In addition to the above, the Company’s broker-dealer subsidiaries are subject to, or involved in, investigations and other proceedings by government agencies and self-regulatory organizations, with respect to which the Company is cooperating. Such investigations and other proceedings may result in judgments, settlements, fines, disgorgements, penalties, injunctions or other relief. Given the inherent uncertainties and the current stage of these inquiries, and the Company’s ongoing reviews, the Company is unable to predict the outcome of these matters at this time.
The Company is not a party to any pending material legal proceedings other than claims and lawsuits arising in the ordinary course of business, except a putative class action lawsuit and a derivative action have been filed with respect to the Company and certain of its current and former directors and/or executives in connection with the Company’s announcement of the SEC matter described in the following paragraph (and other related actions could be filed).
On August 12, 2015, the Company reached a final settlement with the SEC in connection with the SEC’s investigation into a proprietary trading pilot operated within AlterNet for sixteen months in 2010 through mid-2011. The investigation was focused on customer disclosures, Form ATS regulatory filings and customer information controls relating to the pilot’s trading activity, which included (a) crossing against sell-side clients in POSIT and (b) violations of Company policy and procedures by a former employee. These violations principally involved information breaches for a period of several months in 2010 regarding sell-side parent orders flowing into ITG’s algorithms and executions by all customers in non-POSIT markets that were not otherwise available to ITG clients.  According to the terms of the settlement, the Company paid an aggregate amount of $20.3 million, representing a civil penalty of $18 million, disgorgement of approximately $2.1 million in trading revenues and prejudgment interest of approximately $0.25 million.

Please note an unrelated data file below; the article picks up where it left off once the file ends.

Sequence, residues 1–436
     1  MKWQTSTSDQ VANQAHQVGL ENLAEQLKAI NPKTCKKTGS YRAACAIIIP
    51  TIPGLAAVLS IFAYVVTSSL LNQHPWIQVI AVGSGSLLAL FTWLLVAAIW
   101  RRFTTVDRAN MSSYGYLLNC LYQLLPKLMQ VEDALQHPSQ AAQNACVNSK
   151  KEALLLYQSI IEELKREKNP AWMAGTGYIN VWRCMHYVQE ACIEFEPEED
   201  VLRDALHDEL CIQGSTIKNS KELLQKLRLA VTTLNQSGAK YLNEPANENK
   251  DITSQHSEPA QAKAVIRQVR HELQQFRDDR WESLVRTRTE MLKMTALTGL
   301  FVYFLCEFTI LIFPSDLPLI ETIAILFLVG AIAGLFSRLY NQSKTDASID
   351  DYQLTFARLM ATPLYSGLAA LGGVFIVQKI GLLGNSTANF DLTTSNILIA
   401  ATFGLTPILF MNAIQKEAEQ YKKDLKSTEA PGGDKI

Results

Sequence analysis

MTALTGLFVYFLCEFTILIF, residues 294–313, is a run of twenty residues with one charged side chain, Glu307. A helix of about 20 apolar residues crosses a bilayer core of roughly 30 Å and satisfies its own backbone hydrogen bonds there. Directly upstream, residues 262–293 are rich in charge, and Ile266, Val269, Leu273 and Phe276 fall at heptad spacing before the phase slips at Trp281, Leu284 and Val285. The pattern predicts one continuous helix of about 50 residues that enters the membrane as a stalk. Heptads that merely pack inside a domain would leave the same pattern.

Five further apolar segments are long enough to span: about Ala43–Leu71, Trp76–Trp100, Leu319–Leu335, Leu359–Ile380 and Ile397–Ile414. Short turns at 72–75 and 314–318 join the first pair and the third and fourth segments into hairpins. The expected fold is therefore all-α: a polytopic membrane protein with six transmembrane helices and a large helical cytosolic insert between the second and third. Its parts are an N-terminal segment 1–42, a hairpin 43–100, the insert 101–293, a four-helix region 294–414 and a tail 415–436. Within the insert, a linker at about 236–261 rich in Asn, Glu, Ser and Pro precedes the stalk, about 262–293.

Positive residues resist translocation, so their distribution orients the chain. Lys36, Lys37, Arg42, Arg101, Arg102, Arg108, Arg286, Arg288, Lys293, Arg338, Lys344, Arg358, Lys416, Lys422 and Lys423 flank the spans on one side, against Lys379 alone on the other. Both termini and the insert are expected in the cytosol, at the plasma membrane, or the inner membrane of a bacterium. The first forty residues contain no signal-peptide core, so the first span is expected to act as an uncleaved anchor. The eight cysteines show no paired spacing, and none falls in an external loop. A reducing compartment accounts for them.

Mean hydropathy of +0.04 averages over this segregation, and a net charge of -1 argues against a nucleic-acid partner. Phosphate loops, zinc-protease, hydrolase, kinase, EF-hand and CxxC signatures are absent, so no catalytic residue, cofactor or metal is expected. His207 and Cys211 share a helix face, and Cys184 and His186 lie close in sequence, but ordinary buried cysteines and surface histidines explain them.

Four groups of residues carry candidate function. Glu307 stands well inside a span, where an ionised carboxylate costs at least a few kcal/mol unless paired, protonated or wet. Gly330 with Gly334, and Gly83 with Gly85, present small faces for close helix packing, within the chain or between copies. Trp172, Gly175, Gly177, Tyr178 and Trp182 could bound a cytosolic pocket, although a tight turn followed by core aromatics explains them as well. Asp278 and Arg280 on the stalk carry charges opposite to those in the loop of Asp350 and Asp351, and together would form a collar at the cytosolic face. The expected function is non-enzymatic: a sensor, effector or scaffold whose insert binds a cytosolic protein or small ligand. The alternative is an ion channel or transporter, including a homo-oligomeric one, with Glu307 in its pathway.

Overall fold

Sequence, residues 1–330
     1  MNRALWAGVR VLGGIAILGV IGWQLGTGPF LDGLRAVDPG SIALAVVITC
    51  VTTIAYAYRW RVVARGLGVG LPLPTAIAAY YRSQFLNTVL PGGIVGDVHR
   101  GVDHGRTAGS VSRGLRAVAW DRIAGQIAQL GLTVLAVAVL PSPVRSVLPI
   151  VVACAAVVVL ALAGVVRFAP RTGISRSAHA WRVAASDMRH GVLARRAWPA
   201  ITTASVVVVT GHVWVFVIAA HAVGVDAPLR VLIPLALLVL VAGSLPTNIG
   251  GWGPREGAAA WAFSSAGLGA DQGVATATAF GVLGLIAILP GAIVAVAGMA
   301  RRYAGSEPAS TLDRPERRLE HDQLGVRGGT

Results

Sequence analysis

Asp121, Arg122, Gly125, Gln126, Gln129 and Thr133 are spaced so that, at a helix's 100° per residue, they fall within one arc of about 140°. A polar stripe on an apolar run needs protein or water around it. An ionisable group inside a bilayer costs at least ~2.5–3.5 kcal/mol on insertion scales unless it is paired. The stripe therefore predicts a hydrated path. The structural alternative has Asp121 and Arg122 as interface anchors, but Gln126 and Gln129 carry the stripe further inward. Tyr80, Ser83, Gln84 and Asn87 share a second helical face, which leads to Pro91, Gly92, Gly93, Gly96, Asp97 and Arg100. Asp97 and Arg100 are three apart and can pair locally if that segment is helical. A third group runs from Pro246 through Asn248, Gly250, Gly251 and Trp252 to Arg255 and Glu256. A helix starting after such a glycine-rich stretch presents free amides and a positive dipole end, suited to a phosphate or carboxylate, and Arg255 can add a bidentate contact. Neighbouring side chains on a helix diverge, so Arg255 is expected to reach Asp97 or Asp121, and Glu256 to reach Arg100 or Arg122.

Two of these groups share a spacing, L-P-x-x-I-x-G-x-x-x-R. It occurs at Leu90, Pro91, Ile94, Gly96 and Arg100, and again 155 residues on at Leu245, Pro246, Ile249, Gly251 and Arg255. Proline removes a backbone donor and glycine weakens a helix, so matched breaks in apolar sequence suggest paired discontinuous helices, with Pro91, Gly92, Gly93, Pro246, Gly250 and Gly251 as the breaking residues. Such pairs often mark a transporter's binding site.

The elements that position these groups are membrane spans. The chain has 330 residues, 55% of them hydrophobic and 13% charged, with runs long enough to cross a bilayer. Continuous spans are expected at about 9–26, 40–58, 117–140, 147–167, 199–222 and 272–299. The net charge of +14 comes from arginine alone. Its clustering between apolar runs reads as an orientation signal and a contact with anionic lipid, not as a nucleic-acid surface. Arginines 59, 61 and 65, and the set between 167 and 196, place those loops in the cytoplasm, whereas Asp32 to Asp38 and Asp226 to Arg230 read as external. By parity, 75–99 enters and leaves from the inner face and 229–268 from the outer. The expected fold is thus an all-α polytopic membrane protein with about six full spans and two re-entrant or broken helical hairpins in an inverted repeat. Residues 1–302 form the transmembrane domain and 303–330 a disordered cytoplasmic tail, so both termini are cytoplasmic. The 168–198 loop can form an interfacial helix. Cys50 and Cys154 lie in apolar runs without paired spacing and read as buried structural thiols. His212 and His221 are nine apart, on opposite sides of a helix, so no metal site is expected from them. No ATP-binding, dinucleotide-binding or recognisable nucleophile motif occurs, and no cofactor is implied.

In connection with the announcement of the SEC investigation regarding AlterNet, two putative class action lawsuits were filed with respect to the Company and certain of its current and former executives, which were consolidated into a single action captioned In re Investment Technology Group, Inc. Securities Litigation before the U.S. District Court for the Southern District of New York. The complaint alleges, among other things, that the defendants made material misrepresentations or omitted to disclose material facts concerning, among other subjects, the matters that were the subject of the SEC settlement regarding AlterNet and the SEC investigation that led to the SEC settlement. The complaint seeks an unspecified amount of damages under the federal securities laws. On April 26, 2017, the court granted in part and denied in part the Company’s motion to dismiss the complaint and granted the plaintiff leave to file a motion to amend its complaint. On June 12, 2017, the plaintiff filed a motion to amend its complaint against certain of the individual defendants who were dismissed from the case in the court’s April opinion. On March 23, 2018, the court denied plaintiff’s motion to amend, thereby affirming its dismissal of certain of the individual defendants from the case.
On April 19, 2018, the Company reached an agreement in principle to settle the consolidated securities class action lawsuit. In exchange for a release of claims and a dismissal with prejudice, the settlement includes a payment to class members of $18 million, which is well within the policy limits of, and is expected to be paid by, the Company’s insurance carrier. The condensed consolidated statements of financial condition as of June 30, 2018 include a payable to class members of $18.0 million in accounts payable and accrued expenses (also, see Note 11, Accounts Payable and Accrued Expenses) that is fully offset by a receivable from the Company’s insurance carrier in other assets. As a result, the settlement is not expected to impact the Company’s results. The settlement reached is solely to eliminate the uncertainties, burden and expense of further protracted litigation and does not constitute an admission of liability by the Company or its current or former executives or directors.  Specifically, the Company and its current and former executives and directors deny any liability or responsibility for the claims made and make no admission of any wrongdoing. The parties anticipate entering into a final settlement agreement outlining the complete terms of the settlement. The settlement is subject to certain conditions, including, among others, preliminary and final court approval and notice to the class of plaintiffs in the lawsuit. There is no assurance that a final settlement will be completed, court approval will be obtained or that class member participation will be sufficient.